Bill Self has 600 career wins, a string of success built from a simple philosophy he’s held during 24 years as a head coach.
“I just think basketball can be summed up very easily,” Self said in 2014. “If you’re good, you get easy baskets and don’t give them up.”
It might be natural, then, to worry about this year’s Kansas team. The Jayhawks don’t have gifted low-post scorers like so many years past, so will they be able to have continued success even when those easy baskets aren’t as simple?
Looking at it through that lens, it turns out, is viewing things from the wrong perspective.
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The Jayhawks, while playing four-guard “small ball” a majority of the time, actually are getting more close shots than they did in recent seasons. Not only that, they’ve been more successful converting those attempts.
KU has been able to do this while not getting much out of its big men next to the rim, proving that there’s more than one way to get those easy baskets that Self desires.
Before we go further, the numbers: According to Hoop-Math.com, the Jayhawks are shooting 42 percent of their shots at the rim, compared to 37 percent a year ago. KU also has made 67 percent of those tries, up from 64 percent last year.
Those numbers are likely to come down some once KU gets into Big 12 play, but so far, the biggest difference has been transition.
KU is playing significantly faster according to offensive pace numbers, and the Jayhawks also are getting many more opportunities at the rim while running.
So what makes a good transition team? Self discussed this Thursday, saying that good defensive rebounding and playing multiple ball-handlers were two of the keys.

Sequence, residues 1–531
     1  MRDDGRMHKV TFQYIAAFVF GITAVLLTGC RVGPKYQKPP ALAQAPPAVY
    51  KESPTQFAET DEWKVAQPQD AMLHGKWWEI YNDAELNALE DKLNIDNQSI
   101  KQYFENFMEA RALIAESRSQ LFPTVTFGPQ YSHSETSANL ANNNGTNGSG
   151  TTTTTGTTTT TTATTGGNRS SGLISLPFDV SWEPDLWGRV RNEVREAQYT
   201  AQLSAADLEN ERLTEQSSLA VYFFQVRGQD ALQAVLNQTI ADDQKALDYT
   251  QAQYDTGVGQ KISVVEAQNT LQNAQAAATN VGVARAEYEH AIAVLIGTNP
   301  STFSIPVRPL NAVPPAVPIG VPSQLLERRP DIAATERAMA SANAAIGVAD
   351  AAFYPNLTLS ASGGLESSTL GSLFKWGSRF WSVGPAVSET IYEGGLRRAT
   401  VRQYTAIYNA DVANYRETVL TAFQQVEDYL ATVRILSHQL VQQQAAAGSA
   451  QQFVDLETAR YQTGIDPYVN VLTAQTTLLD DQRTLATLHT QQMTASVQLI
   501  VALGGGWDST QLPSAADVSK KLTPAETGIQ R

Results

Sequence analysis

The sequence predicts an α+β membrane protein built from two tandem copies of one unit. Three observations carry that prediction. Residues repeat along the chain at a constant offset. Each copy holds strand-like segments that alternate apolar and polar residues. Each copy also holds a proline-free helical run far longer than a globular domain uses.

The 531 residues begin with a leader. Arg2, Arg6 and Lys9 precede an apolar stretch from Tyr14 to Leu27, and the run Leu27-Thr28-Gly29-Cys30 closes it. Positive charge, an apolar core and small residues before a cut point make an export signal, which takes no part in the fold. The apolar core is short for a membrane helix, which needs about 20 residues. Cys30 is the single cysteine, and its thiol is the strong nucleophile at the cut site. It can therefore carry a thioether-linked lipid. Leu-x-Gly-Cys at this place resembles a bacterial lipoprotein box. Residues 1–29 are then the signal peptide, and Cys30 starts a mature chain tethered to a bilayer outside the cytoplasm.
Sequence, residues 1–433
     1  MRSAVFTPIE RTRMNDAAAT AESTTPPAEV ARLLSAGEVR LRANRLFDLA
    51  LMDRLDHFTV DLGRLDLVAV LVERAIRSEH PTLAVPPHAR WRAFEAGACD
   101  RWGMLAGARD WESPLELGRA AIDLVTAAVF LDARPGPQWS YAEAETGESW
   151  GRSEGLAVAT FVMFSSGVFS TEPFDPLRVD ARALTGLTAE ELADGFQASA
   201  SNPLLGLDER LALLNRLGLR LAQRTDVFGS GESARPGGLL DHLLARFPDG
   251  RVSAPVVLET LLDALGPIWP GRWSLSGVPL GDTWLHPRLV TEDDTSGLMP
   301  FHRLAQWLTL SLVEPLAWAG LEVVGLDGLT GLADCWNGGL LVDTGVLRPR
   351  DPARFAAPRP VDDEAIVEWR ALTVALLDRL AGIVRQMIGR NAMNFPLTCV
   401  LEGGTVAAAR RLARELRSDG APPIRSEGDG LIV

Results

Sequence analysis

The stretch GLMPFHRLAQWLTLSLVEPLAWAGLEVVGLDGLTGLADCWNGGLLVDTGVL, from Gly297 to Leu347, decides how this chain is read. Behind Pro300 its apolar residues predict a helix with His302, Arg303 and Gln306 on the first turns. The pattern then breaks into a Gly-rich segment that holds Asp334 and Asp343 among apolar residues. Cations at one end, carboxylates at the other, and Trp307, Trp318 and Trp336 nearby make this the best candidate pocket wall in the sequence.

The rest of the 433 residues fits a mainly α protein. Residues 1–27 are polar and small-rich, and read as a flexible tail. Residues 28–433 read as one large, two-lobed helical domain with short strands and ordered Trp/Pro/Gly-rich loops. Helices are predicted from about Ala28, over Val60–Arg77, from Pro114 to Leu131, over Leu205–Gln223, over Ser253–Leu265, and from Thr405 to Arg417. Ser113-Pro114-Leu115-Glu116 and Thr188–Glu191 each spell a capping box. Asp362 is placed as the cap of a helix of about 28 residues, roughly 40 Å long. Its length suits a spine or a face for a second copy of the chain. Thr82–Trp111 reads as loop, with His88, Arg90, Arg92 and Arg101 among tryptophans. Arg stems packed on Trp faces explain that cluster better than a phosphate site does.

He also said something else interesting: Usually the best teams he had in transition had rosters with big men who could run.
And this is where talented freshman Josh Jackson comes in.
The likely one-and-done has primarily played the 4 position for KU this year, giving the Jayhawks another person who can quickly bring the ball up following opponents’ missed shots.
He’s also helped in less obvious ways, as Self referenced. By sprinting down the floor in transition, he’s forced other teams to guard him, which has left openings for teammates. An example came midway through the second half against UMKC when Jackson’s hustle drew defender Grant Leach away from the basket, which cleared Frank Mason for a layup.
Both Mason and Devonté Graham are shooting better at the rim this season. Mason’s field-goal percentage there has gone from 50 percent to 69 percent this year, while Devonté Graham has improved from 56 to 73 percent. Jackson also has been superb on close shots with 73 percent accuracy overall and 79 percent on fast breaks.
The result is that KU is thriving at the rim ... like most other years. The Jayhawks are averaging 13 more points in the paint than their opponents, and that’s without having a reliable scoring big man like Marcus Morris, Thomas Robinson or Perry Ellis.
Though Self has often leaned on big men to carry his team inside, he’s found a different formula for success this season.
In the end, the 2016-17 Jayhawks might just prove to be an exception — while also continuing to follow their coach’s golden rule.